Senate to hold hearing May 11 on AT&T/T-Mobile deal

The Senate will hold the first congressional hearing on AT&T's (NYSE:T) proposed $39 billion acquisition of T-Mobile USA on May 11, and judging by the hearing's formal title, it appears AT&T is in for a bumpy ride. 

The Senate Judiciary Committee's subcommittee on antitrust, competition policy and consumer rights will conduct the hearing, which is entitled, "The AT&T/T-Mobile Merger: Is Humpty Dumpty Being Put Back Together Again?" The "Humpty Dumpty" reference likely is a nod to the days of Ma Bell, when AT&T was the country's telephone monopoly before the government broke it up in the 1980s. Since then, many pieces of that empire have been reconstituted in the company now known as AT&T.

Other congressional panels are expected to hold hearings on the deal at some point this year. Both the FCC and the Department of Justice must review the deal.

The tone of the hearing's title dovetails with the one established by Sen. Herb Kohl (D-Wis.), the subcommittee's chairman, when AT&T announced plans to acquire T-Mobile March 20. "Consumers have borne the brunt of the increasingly concentrated market for mobile phone service," he said in a statement at the time. "The explosion of cell phone usage--especially smartphones--makes competition in this market more important than ever as a check on prices, consumer choice and service. That's why the Antitrust Subcommittee will take a close look at what this loss of competition will mean for people who increasingly rely on wireless phone service to connect to friends, family and the Internet."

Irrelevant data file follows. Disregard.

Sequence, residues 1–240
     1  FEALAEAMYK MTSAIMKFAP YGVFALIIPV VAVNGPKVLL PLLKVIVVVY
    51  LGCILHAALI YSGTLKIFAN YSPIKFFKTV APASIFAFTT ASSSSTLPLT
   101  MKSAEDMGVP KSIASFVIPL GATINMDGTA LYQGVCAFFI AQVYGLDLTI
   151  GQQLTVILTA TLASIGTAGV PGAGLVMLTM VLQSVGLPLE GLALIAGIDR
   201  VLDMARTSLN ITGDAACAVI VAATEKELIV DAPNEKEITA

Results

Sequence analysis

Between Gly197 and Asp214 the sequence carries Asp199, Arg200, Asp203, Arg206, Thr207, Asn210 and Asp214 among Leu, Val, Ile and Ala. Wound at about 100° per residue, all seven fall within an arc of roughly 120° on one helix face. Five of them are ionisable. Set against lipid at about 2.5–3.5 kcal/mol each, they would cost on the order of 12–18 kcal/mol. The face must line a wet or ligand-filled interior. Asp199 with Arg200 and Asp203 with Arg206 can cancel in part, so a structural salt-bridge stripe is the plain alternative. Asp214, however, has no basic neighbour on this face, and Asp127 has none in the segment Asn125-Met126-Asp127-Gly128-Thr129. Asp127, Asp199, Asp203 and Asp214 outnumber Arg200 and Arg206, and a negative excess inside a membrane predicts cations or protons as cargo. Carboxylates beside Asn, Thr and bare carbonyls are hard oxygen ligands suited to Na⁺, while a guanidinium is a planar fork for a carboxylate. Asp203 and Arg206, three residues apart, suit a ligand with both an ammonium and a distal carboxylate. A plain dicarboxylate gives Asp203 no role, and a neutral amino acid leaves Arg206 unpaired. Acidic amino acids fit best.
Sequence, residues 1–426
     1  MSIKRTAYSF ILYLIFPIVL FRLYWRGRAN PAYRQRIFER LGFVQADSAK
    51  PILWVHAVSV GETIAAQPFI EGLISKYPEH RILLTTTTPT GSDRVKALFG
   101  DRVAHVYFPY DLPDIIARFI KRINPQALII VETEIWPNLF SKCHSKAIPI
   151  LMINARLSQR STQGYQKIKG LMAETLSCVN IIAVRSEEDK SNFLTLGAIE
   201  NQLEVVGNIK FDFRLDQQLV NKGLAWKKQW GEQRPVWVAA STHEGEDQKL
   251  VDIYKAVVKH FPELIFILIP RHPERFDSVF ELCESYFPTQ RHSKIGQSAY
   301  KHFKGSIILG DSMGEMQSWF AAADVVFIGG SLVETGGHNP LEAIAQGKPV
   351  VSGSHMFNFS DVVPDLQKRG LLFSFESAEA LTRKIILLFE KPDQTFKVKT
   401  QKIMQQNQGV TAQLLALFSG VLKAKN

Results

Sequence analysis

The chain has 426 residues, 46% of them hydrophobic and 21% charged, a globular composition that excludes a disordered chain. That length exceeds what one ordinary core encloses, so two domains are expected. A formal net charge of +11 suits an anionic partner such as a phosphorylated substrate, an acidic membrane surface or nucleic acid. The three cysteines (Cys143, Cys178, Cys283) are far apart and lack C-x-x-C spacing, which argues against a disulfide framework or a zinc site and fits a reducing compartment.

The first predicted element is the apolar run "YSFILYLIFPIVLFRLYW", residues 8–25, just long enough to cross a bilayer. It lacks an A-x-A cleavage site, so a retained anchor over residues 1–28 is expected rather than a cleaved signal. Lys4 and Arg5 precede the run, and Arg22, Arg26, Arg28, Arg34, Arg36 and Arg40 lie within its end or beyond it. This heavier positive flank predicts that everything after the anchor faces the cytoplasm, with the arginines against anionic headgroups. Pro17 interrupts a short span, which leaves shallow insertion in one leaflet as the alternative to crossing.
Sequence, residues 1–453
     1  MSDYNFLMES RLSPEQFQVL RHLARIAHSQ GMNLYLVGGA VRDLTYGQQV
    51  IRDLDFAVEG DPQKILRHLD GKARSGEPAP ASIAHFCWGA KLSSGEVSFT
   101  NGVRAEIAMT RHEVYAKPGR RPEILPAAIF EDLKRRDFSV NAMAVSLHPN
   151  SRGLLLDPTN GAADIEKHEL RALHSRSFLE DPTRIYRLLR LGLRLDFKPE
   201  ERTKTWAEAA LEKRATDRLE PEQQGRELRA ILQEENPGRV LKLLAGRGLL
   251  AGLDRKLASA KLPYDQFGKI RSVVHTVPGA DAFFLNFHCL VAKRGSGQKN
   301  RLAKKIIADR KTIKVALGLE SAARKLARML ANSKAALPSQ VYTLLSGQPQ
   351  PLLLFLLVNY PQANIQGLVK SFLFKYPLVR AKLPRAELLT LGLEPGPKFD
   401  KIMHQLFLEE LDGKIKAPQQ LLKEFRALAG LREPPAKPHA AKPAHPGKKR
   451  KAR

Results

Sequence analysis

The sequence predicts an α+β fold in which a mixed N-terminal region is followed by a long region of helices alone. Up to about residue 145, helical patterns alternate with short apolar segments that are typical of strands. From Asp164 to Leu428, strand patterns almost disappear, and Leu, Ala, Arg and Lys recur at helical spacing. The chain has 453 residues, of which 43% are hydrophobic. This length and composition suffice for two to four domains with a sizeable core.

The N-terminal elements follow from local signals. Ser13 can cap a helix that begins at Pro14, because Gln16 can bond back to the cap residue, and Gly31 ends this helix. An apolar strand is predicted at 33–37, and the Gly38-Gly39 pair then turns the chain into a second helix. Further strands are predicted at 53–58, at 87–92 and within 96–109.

AT&T has argued that the transaction will lead to greater spectral efficiency, enhanced coverage and capacity for customers and that the combined AT&T and T-Mobile will be able to deliver LTE service to 46 million more Americans than they could separately, in part by using T-Mobile's AWS 1700 MHz spectrum for LTE in suburban and rural areas.

For more:
- see this The Hill article
- see this Multichannel News article

Related Articles:
AT&T's justifications for T-Mobile deal run into static
FCC's Copps pushes back against AT&T/T-Mobile deal
Spectrum and coverage: What would a combined AT&T/T-Mobile look like?
AT&T's Stephenson: T-Mobile deal likely will require divestitures
Metered billing, AT&T/T-Mobile hot topics during CTIA carrier keynote
What happens to Sprint, Clearwire and LightSquared? AT&T + T-Mobile USA ramifications

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